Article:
Syria enters 13th year of crisis amid positive signals of possible political detente…reports Asian Lite News
The Syrian crisis is entering its 13th year with some positive signs that the stalemated political settlement could see a nudge this year.
The first three months of 2023 witnessed some crucial developments that raised hopes about a possible detente in the 13th year of the crisis. The main headline was the success of the Russian and Iranian efforts to break the ice between Syria and Türkiye as the relations between the two neighbouring countries have seen much tension over the past 12 years.
Deputy foreign ministers of Syria, Türkiye, Russia, and Iran are set to meet soon to pave the way for the meetings of Syrian and Turkish foreign ministers for the first time since the beginning of the Syrian crisis. In December, the defence ministers of the two rivals met in Moscow.
A possible rapprochement between Syria and Türkiye is crucial for peacefully defusing the Syrian crisis. Türkiye enjoys considerable sway over key rebel groups in northern Syria as it’s one of the opposition backers.
Another unexpected positive development was the China-backed reconciliation between Saudi Arabia and Iran. Both are regional powerhouses and key players in the Syrian war, with Iran supporting the government of President Bashar al-Assad while Saudi is a key opposition backer.
On top of that, devastating earthquakes, which jolted Syria on Feb. 6, have pushed Arab countries to shelve former policies toward Syria, creating the so-called “disaster diplomacy.”
For the first time in more than a decade, Saudi planes landed in Syrian airports delivering relief aid to the earthquake victims. Egyptian Foreign Minister Sameh Shoukry also made an “ice-breaking” visit to Syria after the quake, expressing the most populous Arab country’s support for Syria.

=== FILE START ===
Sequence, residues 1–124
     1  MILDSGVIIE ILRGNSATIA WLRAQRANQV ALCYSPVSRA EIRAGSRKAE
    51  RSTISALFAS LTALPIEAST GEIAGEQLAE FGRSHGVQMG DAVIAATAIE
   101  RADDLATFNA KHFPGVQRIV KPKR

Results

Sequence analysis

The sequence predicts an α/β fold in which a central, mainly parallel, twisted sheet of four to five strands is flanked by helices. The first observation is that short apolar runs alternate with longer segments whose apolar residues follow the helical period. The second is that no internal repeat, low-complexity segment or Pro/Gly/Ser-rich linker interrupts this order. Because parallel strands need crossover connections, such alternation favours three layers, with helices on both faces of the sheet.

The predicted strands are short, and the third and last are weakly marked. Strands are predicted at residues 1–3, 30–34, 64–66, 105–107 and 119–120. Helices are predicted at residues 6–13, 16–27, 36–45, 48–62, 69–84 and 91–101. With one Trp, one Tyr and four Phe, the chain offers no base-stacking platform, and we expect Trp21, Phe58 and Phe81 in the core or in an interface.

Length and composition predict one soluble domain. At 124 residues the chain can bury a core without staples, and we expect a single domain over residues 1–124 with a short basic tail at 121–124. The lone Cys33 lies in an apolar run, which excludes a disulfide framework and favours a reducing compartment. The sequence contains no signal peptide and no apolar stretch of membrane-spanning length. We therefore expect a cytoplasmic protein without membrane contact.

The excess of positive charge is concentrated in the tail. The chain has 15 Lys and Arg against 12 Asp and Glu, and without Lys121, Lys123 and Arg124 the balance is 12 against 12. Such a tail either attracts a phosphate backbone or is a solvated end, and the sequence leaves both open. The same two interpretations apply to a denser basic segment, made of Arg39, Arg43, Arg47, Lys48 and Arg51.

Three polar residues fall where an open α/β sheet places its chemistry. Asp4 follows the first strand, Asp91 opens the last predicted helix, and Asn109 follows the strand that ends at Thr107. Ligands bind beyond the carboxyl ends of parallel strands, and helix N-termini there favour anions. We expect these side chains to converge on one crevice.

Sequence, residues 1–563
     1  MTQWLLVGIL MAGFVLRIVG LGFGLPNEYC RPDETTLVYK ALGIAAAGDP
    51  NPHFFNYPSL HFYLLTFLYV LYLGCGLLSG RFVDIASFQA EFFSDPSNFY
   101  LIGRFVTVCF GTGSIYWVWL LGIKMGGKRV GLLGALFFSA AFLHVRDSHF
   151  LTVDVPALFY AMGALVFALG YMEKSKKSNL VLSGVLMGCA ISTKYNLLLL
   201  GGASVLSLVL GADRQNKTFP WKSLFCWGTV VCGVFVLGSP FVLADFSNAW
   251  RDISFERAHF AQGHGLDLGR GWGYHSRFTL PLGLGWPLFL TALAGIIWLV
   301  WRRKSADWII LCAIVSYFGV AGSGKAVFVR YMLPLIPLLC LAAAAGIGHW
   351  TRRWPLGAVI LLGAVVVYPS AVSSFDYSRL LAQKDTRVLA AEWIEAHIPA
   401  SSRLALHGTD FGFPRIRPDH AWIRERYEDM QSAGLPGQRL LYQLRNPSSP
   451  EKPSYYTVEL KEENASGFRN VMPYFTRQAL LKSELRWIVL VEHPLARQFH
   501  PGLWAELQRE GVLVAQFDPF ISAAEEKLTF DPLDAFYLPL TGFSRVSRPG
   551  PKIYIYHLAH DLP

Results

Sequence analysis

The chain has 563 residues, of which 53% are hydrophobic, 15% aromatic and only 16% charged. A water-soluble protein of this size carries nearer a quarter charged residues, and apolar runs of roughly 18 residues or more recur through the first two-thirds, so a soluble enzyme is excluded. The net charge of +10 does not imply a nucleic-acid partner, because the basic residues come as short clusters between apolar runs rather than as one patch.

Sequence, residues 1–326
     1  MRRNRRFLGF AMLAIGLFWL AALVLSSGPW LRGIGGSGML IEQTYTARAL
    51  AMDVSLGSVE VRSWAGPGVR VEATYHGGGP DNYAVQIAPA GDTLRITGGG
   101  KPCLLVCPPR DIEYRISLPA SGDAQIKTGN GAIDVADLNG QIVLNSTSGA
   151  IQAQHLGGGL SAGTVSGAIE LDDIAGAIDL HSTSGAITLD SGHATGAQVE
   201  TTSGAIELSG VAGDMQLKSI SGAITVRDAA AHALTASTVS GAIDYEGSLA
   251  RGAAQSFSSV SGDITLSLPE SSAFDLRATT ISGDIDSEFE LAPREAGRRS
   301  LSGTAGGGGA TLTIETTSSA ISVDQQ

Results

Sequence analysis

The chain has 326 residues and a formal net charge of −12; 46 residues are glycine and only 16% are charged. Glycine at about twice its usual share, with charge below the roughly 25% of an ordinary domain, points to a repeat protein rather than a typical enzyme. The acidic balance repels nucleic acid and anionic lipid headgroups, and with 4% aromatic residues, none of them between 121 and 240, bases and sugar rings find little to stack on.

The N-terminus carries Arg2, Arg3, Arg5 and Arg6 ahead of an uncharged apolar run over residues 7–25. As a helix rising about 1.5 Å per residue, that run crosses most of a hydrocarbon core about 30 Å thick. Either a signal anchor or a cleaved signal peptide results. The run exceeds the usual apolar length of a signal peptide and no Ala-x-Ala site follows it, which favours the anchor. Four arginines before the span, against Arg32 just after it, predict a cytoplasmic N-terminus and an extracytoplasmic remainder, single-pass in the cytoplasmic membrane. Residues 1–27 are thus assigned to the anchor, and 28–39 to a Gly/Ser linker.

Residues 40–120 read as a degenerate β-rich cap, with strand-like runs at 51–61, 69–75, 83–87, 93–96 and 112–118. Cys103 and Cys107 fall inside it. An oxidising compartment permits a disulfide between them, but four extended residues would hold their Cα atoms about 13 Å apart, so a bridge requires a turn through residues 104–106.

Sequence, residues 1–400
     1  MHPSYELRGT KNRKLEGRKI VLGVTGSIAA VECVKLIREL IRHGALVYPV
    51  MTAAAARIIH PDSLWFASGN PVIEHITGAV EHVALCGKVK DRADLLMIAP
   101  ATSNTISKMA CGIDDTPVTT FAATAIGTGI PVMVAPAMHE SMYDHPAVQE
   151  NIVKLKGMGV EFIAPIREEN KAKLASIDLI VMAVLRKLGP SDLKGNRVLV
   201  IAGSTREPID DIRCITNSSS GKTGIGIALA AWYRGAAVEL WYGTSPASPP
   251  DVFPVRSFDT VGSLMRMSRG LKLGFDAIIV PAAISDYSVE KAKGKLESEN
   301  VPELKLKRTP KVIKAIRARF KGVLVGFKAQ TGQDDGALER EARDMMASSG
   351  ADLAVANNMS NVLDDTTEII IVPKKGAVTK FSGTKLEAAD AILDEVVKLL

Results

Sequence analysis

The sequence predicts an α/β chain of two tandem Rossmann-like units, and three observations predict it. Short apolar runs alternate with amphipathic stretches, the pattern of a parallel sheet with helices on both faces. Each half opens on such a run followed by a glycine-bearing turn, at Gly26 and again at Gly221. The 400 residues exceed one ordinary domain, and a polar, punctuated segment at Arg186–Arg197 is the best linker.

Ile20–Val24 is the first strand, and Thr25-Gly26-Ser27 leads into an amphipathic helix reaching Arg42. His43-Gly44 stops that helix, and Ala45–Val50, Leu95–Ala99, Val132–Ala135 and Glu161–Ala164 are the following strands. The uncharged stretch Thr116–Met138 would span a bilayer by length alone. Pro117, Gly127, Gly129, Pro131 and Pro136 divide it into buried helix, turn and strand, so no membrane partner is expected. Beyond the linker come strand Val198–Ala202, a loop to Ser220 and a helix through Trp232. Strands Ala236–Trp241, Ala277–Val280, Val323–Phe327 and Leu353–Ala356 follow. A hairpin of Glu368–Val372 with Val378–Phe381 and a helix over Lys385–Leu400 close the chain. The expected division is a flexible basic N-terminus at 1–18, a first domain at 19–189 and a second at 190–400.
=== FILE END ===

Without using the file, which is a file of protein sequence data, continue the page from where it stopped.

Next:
On Wednesday, the 12th anniversary of the Syrian war, Russian President Vladimir Putin hosted Syrian President Bashar Assad for talks that are believed to touch upon Syrian-Turkish reconciliation.
Positive signals can be felt domestically, regionally, and globally, said Mohammad Al-Omari, a Syrian political observer and writer.
“Moscow and Tehran exert efforts to find a mediation formula between Syria and Türkiye and reflect that on the political track in Syria. The earthquake’s devastating impact on Syria has provided chances for some countries to communicate and cooperate with Syria,” he told Xinhua.
The analyst pointed out that the current positive vibe could push the stalemated political talk forward, noting that a comprehensive political solution demands a broader international and regional alignment based on cooperation and stability.
However, as Syria’s political development moves to the positive side, the financial situation doesn’t seem as promising due to the U.S. sanctions that are choking the country’s economy.
Al-Omari noted that even if the U.S. could lift the sanctions, which is highly unlikely, the impacts would not end overnight as the U.S. measures had created a “cracked environment” in Syria.
“The U.S. sanctions and embargo imposed on Syria, as well as its illegal actions in stealing our resources, have led to a cracked and fragile environment that will have a substantial influence on the country’s education, health, and food security in the future,” he noted.
According to UNICEF estimates, 90 percent of people in Syria live in poverty, most are unable to make ends meet or bring food to the table. Families have had their resources depleted, with limited employment opportunities, skyrocketing prices, and a shortage of basic supplies.
Osama Danura, another political analyst, said he is optimistic about the continuous reconciliation between Syria and regional countries, adding that the communication that has already taken place will help reduce tensions in regional flashpoints. ■